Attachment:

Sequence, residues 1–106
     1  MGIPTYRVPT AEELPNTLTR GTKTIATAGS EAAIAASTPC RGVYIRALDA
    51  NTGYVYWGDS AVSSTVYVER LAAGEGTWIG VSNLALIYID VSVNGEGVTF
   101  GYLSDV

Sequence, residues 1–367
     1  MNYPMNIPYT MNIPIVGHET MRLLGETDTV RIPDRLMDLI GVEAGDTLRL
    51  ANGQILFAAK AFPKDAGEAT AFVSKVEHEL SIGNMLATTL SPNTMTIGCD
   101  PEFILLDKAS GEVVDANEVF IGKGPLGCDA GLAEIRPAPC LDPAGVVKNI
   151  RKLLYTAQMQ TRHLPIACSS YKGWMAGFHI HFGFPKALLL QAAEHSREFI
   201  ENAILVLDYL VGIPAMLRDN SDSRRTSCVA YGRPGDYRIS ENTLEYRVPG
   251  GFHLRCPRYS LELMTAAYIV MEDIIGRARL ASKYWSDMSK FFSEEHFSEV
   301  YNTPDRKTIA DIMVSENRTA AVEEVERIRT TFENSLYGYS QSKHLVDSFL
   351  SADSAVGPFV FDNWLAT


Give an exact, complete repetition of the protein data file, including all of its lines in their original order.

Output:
Sequence, residues 1–106
     1  MGIPTYRVPT AEELPNTLTR GTKTIATAGS EAAIAASTPC RGVYIRALDA
    51  NTGYVYWGDS AVSSTVYVER LAAGEGTWIG VSNLALIYID VSVNGEGVTF
   101  GYLSDV

Sequence, residues 1–367
     1  MNYPMNIPYT MNIPIVGHET MRLLGETDTV RIPDRLMDLI GVEAGDTLRL
    51  ANGQILFAAK AFPKDAGEAT AFVSKVEHEL SIGNMLATTL SPNTMTIGCD
   101  PEFILLDKAS GEVVDANEVF IGKGPLGCDA GLAEIRPAPC LDPAGVVKNI
   151  RKLLYTAQMQ TRHLPIACSS YKGWMAGFHI HFGFPKALLL QAAEHSREFI
   201  ENAILVLDYL VGIPAMLRDN SDSRRTSCVA YGRPGDYRIS ENTLEYRVPG
   251  GFHLRCPRYS LELMTAAYIV MEDIIGRARL ASKYWSDMSK FFSEEHFSEV
   301  YNTPDRKTIA DIMVSENRTA AVEEVERIRT TFENSLYGYS QSKHLVDSFL
   351  SADSAVGPFV FDNWLAT